04 February 2013

Visiting Rouen

Old Rouen, or what we Americans might call "downtown" Rouen, is full of old half-timbered houses, called maisons à colombage in French. Colombage is related to the word "column" — you can see the wood framing or columns of the walls. In recent years, people have taken to painting them in all different colors.

Just a sample of Rouen's many maisons à colombage

Rouen, which is on the Seine about halfway between Paris and the sea (the English Channel, in this case, is a major port city, with ocean-going ships coming up the river to load and unload goods. The city itself is only about 100,000 people, but the urbanized area counts half a million.

A signboard for a luthier — a maker of stringed musical instruments — in old Rouen

The city was founded two thousand years ago and was named Rotomago something similar in Latin. The name slowly "eroded" phonetically over the centuries to become today's Rouen, pronounced approximately [roo-WÃ] or even just [RWÃ] — [Ã] represents the French nasal [A] vowel. It was conquered by the Vikings — Norsemen or Normans, where the name of the province of Normandy comes from —  more than a thousand years ago.

Two views of the cathedral towers in Rouen

The city has a major cathedral and two other famous churches, Saint-Ouen and Saint-Maclou. The first cathedral of Rouen was built in the fourth century A.D. A second cathedral replaced it in about the year 1000, and construction of the current cathedral building dates back to the year 1200, after the second one was destroyed by fire.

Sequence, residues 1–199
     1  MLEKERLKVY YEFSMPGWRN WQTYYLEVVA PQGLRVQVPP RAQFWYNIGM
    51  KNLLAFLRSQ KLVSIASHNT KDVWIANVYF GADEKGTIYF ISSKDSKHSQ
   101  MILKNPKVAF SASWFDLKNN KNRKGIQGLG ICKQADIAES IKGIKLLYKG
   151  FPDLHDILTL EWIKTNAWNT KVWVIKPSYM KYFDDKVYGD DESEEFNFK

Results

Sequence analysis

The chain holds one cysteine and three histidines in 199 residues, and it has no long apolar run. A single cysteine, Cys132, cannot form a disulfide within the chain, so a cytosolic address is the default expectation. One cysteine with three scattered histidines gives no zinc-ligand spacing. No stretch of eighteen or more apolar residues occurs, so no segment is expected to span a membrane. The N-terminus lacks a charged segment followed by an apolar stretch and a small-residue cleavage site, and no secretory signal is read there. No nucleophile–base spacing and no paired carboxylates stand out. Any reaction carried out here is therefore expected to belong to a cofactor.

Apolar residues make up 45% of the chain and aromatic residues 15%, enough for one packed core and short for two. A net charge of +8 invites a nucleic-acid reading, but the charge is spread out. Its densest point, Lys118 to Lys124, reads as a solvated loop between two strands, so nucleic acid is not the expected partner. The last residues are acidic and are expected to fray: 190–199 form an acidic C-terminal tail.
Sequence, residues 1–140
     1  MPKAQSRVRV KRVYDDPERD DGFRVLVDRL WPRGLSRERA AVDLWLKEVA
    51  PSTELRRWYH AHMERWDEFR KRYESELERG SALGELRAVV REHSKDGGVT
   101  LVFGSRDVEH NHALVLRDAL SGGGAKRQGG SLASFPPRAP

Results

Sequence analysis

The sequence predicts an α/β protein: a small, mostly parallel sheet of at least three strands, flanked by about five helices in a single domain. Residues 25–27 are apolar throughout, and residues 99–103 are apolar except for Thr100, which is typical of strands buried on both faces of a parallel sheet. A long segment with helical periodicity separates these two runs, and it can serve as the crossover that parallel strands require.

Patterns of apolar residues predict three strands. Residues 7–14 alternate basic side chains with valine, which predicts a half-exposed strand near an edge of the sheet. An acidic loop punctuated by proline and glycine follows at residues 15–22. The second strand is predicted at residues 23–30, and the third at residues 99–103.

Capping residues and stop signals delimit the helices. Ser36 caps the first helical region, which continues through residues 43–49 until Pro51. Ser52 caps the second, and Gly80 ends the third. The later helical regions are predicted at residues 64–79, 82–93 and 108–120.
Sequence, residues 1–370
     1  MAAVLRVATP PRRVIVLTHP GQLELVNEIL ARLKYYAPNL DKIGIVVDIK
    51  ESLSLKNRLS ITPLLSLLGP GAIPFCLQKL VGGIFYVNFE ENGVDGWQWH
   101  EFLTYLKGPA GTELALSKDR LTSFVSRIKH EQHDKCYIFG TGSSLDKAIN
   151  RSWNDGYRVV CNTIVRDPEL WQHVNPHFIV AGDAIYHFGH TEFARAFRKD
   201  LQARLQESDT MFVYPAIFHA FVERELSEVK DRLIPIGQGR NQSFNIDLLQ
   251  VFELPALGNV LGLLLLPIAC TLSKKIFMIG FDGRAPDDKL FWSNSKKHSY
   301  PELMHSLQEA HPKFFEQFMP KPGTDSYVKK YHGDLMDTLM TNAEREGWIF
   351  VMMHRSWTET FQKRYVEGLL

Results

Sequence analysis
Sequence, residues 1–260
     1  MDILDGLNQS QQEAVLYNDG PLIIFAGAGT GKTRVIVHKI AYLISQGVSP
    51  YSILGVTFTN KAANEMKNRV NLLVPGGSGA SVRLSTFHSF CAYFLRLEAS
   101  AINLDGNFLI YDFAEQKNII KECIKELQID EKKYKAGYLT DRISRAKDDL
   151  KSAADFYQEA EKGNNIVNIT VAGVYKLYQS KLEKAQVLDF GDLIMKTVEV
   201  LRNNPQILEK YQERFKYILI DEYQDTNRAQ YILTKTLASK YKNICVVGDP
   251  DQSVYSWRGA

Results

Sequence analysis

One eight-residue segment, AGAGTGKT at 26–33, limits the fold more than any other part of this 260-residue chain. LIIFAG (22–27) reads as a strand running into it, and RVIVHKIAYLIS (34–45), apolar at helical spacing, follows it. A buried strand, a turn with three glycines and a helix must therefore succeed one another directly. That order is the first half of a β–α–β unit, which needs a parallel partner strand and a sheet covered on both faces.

Rouen's Eglise Saint-Maclou and the surrounding neighborhood

The smaller Eglise Saint-Maclou was built in the 1400s. Like the cathedral, Saint-Maclou suffered considerable damage from bombardments during World War II. Restoration and repair work has been ongoing ever since.

A charcutier is a butcher who specializes in pork products, and the charcuterie is a kind of
French delicatessen selling sausages, cured and fresh meats, salads, and cooked dishes.

Besides its great monuments, old-town Rouen also has scores of shops, restaurants, and cafés. It's a living city where buildings have shops and storefronts at street level with apartments above. If you are going to be in Paris for a week or more, a side trip to Rouen by train is easy and rewarding. It takes less than 90 minutes to get there from the Gare Saint-Lazare in Paris.

8 comments:

  1. Thank you, Ken, for this nice series on Rouen. It is such a beautiful and inviting city. Are you going to included more recent photos to complete the series?

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  2. That flying piggy in the window of the charcuterie is surprisingly gleeful, considering that he's going to end up in the cooking pot he's next to.

    Isn't Rouen the city where Julia Child and Paul ate that first memoriable Sole Meunière that she raved about for the rest of her life?

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  3. Bonjour CHM, I'll have to search for newer pictures. My mind is focused right now on 2003...